The Leica Gallery London will be showcasing 25 photos from photographer and formely The Police guitarist Andy Summers in an upcoming exhibition from 26 March to 30 April 2023.
Summers first took up photography while on tour in September 1979, when The Police were experiencing their first great success in the United States and has become known for his street scenes in American and Japanese metropolises and bizarre moments in South American cities, a Leica M4-2 and Leica M Monochrom being his cameras of choice.
He has said about his experience with Leica cameras, “I was hooked immediately. I felt that the Leica slowed down my picture taking; made it more meditative; made me think more, before pressing the button – with this camera, I felt as if I was finally stepping onto the true path”.
His photographs have been exhibited in galleries and museums around the world, including France, Australia, Japan, Canada, Spain and the United States.
Summers has been developing a unique body of photographic work which he sees as a mental and visual counterpart to his music. For him, music and photography belong together: “The qualities I am looking for are musical. That is the condition. You think of music in terms of harmony, line, shape, volume, quietness, dynamics… I think all of those terms can be translated into photography.”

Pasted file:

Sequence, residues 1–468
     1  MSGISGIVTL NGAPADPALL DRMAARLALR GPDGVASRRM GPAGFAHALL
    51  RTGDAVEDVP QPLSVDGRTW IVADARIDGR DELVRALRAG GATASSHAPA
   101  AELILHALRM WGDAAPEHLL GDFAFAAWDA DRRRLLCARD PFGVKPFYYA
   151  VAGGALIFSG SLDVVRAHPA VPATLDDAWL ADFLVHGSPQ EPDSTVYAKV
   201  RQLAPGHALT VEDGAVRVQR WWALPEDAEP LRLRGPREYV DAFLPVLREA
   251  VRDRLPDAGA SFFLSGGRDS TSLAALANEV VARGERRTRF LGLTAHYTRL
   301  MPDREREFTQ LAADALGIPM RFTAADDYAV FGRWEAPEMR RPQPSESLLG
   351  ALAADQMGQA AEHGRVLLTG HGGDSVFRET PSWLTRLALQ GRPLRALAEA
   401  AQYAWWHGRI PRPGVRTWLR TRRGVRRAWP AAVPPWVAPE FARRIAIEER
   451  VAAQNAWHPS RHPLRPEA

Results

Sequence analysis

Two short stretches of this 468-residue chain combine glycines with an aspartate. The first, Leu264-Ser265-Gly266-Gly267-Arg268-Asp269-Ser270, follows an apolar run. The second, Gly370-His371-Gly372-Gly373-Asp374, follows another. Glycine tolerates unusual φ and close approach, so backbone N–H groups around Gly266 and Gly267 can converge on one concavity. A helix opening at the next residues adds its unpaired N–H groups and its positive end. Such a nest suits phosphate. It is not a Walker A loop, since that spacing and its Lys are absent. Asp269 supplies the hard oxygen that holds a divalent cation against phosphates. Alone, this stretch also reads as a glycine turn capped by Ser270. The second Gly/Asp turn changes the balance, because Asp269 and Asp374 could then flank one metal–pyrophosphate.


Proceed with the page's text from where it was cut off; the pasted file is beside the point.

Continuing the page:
It all began on tour in September 1979, when The Police were experiencing their first great success in the USA: “Sitting in a mid-town hotel room in New York, watching American television and running my hand up and down the neck of a battered Telecaster, it came to me that I should get a real camera,” Summer explains. Though he mentions the idea very
casually, it was to be of momentous importance: “Our band, The Police, was moving fast in the US. It was fun, but sitting around and staring at the walls of hotel rooms was boring – and we needed diversions.”
Fortunately, right from the start, photography has always been more for Summers than just a distraction from the monotony of eternally identical hotel rooms. His preferred themes can be street scenes in American or Japanese metropolises or surreal and bizarre moments in South American cities for example. To Summers they reflect an urban surrealism; the “special strangeness” that arises when we question the seemingly familiar, for him the camera is the
most natural instrument to record these moments.
In terms of his choice of camera, he was influenced and guided by one of the greats – Ralph Gibson. After being introduced to the Leica M4-2, he completely rediscovered photography: “I was hooked immediately. I felt that the Leica slowed down my picture taking; made it more meditative; made me think more, before pressing the button – with this camera, I felt as if I was finally stepping onto the true path”.
After the band finally said farewell in 2008, Summers continued his career as a solo musician. Photography however had become an essential part of his life and his Leica M4-2 was joined by a Leica M Monochrom camera.
The Leica Gallery London exhibition will showcase 25 photographs from Andy Summer’s extensive career as a photographer, all of which are available for purchase together with two exclusive publications – Harmonics of the Night – a bespoke concertina-style limited edition memento of the exhibition and A Series of Glances the new coffee table book produced by TeNeues.
His photographs have been shown to huge acclaim in galleries and museums worldwide, including France, Australia, Japan, Canada, Spain and the USA, accompanied by feverish magazine coverage.